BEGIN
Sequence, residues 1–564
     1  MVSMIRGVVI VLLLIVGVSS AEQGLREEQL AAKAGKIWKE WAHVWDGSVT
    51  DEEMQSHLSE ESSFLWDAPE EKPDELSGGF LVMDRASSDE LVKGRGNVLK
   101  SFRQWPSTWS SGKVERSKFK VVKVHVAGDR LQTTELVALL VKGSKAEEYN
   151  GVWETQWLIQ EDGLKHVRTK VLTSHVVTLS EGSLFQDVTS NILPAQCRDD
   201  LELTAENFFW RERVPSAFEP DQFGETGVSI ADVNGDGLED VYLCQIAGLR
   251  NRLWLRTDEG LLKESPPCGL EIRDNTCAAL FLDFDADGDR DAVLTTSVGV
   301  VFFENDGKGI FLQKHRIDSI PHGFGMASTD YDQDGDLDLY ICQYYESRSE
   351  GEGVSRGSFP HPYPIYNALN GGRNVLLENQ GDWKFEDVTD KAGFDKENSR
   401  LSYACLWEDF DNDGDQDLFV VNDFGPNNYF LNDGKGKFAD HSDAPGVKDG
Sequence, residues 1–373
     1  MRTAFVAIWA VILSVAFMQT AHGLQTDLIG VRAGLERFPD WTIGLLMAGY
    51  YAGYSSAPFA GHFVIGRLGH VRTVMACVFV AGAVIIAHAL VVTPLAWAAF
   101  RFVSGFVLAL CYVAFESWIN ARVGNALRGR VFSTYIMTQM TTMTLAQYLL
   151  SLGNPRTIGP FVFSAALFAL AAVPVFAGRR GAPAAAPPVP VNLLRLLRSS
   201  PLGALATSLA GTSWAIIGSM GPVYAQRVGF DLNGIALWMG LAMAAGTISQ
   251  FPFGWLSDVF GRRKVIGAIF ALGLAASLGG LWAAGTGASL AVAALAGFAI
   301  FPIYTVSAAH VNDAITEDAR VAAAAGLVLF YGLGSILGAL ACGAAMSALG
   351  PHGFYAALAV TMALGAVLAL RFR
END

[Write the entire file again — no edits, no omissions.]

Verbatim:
Sequence, residues 1–564
     1  MVSMIRGVVI VLLLIVGVSS AEQGLREEQL AAKAGKIWKE WAHVWDGSVT
    51  DEEMQSHLSE ESSFLWDAPE EKPDELSGGF LVMDRASSDE LVKGRGNVLK
   101  SFRQWPSTWS SGKVERSKFK VVKVHVAGDR LQTTELVALL VKGSKAEEYN
   151  GVWETQWLIQ EDGLKHVRTK VLTSHVVTLS EGSLFQDVTS NILPAQCRDD
   201  LELTAENFFW RERVPSAFEP DQFGETGVSI ADVNGDGLED VYLCQIAGLR
   251  NRLWLRTDEG LLKESPPCGL EIRDNTCAAL FLDFDADGDR DAVLTTSVGV
   301  VFFENDGKGI FLQKHRIDSI PHGFGMASTD YDQDGDLDLY ICQYYESRSE
   351  GEGVSRGSFP HPYPIYNALN GGRNVLLENQ GDWKFEDVTD KAGFDKENSR
   401  LSYACLWEDF DNDGDQDLFV VNDFGPNNYF LNDGKGKFAD HSDAPGVKDG
Sequence, residues 1–373
     1  MRTAFVAIWA VILSVAFMQT AHGLQTDLIG VRAGLERFPD WTIGLLMAGY
    51  YAGYSSAPFA GHFVIGRLGH VRTVMACVFV AGAVIIAHAL VVTPLAWAAF
   101  RFVSGFVLAL CYVAFESWIN ARVGNALRGR VFSTYIMTQM TTMTLAQYLL
   151  SLGNPRTIGP FVFSAALFAL AAVPVFAGRR GAPAAAPPVP VNLLRLLRSS
   201  PLGALATSLA GTSWAIIGSM GPVYAQRVGF DLNGIALWMG LAMAAGTISQ
   251  FPFGWLSDVF GRRKVIGAIF ALGLAASLGG LWAAGTGASL AVAALAGFAI
   301  FPIYTVSAAH VNDAITEDAR VAAAAGLVLF YGLGSILGAL ACGAAMSALG
   351  PHGFYAALAV TMALGAVLAL RFR